It is hard to extrapolate the trend in deposit betas in time series over the last three rate cycles because of each cycle’s desperate circumstances. However, there appears to be a trend that beta is softening, especially for larger banks. Nonetheless, there are many caveats that we would like to underscore.
Caveats to Dampening Deposit Betas
First, we point out the difference between online banks with consumer relationships today versus the previous cycles. We calculate that online banks like American Express, Capital One, Marcus (Goldman Sachs), Ally Bank, and others hold a little over 9% of all domestic deposits. That 9% does not include specialty consumer banks or fintech companies. These online institutions were either absent or held minimal deposits in previous tightening cycles. These online banks have much higher betas (American Express Bank at over 73%, and Marcus at 77%, as an example in the last tightening cycle). We expect these institutions to increase the industry’s deposit beta in this hiking cycle.
Second, the market has priced in interest rate risk, but it has not priced liquidity risk. But the
days of abundant liquidity are expected to be behind us. In the 2016 tightening cycle, the Fed started running off its balance sheet two years after its first rate hike. Further, its quantitative tightening was much smaller (at $50B/mo) than what was announced last week (at $95Bn/mo). Also, In the last cycle, it took a full year for the Fed to reach that maximum reduction rate of $50B/mo. The tightening process in this cycle is going to be faster and larger than in the previous cycle. The graph below shows the Fed’s balance sheet over time.
In the last tightening cycle, its total balance sheet was around $4.5T, and it took nearly two years to bring that down by about $650Bn before the Fed brought the program to a stop because of the pandemic. This time the Fed will go to $95B/mo within three months and achieve a balance sheet reduction of $1.1T per year. The Fed will surpass the total of the entire 2017-2019 balance sheet tightening by early 2023. The market anticipates about $3 trillion in total balance sheet reduction by the end of 2024.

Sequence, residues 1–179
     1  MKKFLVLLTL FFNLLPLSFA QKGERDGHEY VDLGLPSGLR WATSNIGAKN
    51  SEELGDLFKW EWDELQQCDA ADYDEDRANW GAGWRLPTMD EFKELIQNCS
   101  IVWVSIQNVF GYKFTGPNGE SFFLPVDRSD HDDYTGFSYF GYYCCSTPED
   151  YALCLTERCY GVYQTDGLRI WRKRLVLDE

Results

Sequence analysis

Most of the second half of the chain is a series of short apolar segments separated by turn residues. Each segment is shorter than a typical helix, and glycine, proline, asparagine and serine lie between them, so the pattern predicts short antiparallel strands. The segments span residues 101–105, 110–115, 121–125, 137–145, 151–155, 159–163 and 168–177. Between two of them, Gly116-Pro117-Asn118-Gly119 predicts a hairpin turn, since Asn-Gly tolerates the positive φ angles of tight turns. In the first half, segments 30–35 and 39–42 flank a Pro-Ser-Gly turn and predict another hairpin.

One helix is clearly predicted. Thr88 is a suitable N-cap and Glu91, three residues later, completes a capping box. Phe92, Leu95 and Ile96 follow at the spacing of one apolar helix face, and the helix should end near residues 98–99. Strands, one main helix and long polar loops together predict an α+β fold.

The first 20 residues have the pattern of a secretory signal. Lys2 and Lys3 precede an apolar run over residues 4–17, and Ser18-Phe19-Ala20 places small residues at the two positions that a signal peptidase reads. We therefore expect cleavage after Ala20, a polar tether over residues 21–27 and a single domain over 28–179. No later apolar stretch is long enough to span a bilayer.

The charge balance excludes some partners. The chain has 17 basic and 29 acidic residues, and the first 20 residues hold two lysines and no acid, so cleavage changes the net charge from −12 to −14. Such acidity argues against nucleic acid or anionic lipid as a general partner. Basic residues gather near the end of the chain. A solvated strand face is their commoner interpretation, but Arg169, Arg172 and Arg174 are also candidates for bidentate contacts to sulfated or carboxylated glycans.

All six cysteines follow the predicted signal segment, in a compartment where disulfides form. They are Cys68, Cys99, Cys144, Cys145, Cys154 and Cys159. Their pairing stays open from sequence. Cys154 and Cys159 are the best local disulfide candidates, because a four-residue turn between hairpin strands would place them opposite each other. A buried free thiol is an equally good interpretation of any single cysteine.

Here is the liquidity risk, the Fed’s balance sheet reduction directly and linearly affects the banking system’s liquidity. As we wrote in the last blog, every dollar reduction in the Fed’s balance sheet reduces the reserves that banks hold at the Fed. That, in turn, reduces deposits at banks by the same amount. Since the start of the pandemic, total noninterest-bearing deposits have increased by $2.3T, and we would expect the Fed quantitative tightening to draw most of that excess liquidity out of the banking system within the next two years. Therefore, we would expect industry beta to be closer to that seen in the 2004 to 2007 tightening cycle of 40% to 50%.
How to Apply to Your Bank
While the industry’s average deposit beta might be 40% to 50% in this hiking cycle, the impact of rising interest rates and a shrinking Fed balance sheet will be different for each community bank. Community banks with larger percentages of DDA balances will fare better. Those community banks that do not directly compete against national, regional or online lenders will also have lower betas.
Banks that have a high number of lower-balance consumer accounts will also achieve lower betas, and community banks that have been able to grow deposits with new accounts vs. increase in account balances are also poised to maintain lower betas. While the industry beta may be slightly higher in this hiking cycle than the last, each community bank has substantial influence over the strength of its deposit franchise. Community banks that are able to attract less price-sensitive consumers and operating business accounts will outperform the market.